War veteran John honoured at last
PUBLISHED: 08:52 08 October 2008 | UPDATED: 22:25 15 June 2010
COLYTON man John Cochrane has received a Downing Street honour in recognition of invaluable work during World War II.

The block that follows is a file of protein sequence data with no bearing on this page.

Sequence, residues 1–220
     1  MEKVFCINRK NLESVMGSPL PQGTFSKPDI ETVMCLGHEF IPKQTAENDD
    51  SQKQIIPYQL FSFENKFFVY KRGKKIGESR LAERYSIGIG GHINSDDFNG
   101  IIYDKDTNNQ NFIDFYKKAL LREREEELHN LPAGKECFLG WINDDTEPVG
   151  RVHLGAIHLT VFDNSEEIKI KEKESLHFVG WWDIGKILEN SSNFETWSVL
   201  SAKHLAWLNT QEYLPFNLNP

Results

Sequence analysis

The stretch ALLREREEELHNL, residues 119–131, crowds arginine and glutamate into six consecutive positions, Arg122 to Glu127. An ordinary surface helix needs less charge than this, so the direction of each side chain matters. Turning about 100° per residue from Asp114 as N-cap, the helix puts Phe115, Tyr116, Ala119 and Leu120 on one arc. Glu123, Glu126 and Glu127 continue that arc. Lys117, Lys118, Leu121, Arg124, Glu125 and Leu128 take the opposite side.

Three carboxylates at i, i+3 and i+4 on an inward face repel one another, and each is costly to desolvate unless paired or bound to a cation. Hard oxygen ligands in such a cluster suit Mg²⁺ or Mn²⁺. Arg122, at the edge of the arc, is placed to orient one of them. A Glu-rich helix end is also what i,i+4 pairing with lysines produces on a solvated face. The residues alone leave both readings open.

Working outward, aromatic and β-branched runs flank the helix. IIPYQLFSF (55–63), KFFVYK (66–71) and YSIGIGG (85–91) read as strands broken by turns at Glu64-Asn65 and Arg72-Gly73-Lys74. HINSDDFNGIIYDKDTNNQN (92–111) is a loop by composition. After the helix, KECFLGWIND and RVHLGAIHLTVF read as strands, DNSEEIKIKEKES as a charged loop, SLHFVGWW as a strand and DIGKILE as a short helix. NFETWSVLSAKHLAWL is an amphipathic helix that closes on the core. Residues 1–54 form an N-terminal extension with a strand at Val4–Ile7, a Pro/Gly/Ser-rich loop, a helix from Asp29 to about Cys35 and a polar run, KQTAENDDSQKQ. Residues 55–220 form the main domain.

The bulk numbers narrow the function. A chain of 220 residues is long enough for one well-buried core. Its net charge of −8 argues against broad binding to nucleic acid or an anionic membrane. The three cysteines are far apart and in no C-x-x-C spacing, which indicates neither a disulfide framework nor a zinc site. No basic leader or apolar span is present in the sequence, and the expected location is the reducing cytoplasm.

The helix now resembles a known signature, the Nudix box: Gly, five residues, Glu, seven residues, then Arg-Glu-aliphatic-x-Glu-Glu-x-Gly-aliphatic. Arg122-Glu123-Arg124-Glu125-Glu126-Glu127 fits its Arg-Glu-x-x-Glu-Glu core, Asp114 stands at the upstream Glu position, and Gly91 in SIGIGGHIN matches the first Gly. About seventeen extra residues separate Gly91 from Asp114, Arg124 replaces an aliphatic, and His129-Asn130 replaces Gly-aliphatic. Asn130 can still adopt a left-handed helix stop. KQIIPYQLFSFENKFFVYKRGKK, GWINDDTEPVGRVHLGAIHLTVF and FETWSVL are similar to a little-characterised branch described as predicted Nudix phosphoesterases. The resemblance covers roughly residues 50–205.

COLYTON man John Cochrane has received a Downing Street honour in recognition of invaluable work during World War II. But says it is too little too late as many of his compatriots are now dead. The 84 year-old, from Grove Hill, felt it was a great privilege - but was sorry that many other veterans had not lived to see the day.After failing to get into the Royal Air Force because he wore glasses, Mr Cochrane was given the chance to train and fly with the Air Transport Auxillary (ATA) at the age of 20.Set up as a civil organisation as part of British Airways, the ATA ferried arms from the factories to the squads - making a total of 300,000 trips during its lifetime.Although Mr Cochrane does not believe it was anywhere near as dangerous as being a fighter pilot, of the 1,200 who served, 150 were killed. "It was a great opportunity to serve the ATA," said Mr Cochrane. "I was always keen on flying and to be trained by the Air Force was wonderful. It was exciting in a way, and a very pleasant way to travel."We progressed to faster and bigger planes. It was like going from driving a car to a lorry."I had a few worrying moments when I was trying to get somewhere over a cloud and had to turn back. We had no radio then. One of my friends crash landed in a field and survived. Others were not so lucky."During his service, Mr Cochrane made numerous trips around England, Scotland, Wales and Northern Ireland.Though disappointed when his flying role came to an end, he believes the ATA had a positive impact on the war effort: "I was actually sad when the war ended. We were redundant air crew and didn't fly anymore. "But I saw a lot of the country and it had been a wonderful experience. The ATA made a big contribution to the war effort. If it wasn't for us, they would have had to use trained RAF pilots, who were more valuable. Churchill thanked us for all our good work."Mr Cochrane was one of 59 to be presented with a badge and certificate by the Ministry of Transport, Jim Fitzpatrick. Gordon Brown shook the veterans hands and gave a speech on their work.The day began with a Spitfire display, followed by a ceremony at Number 10.Mr Cochrane said: "It was a great day, really enjoyable and I felt it was an honour. It was very nostalgic to see the Spitfire close up again and peer into the cockpit. "It was very nice to meet the other ATA servicemen - some of whom I knew - and I liked catching up with them."His only criticism was that the government did not recognise the ATA contribution earlier: "It's so late in the day. Many of the original ATA are no longer with us.
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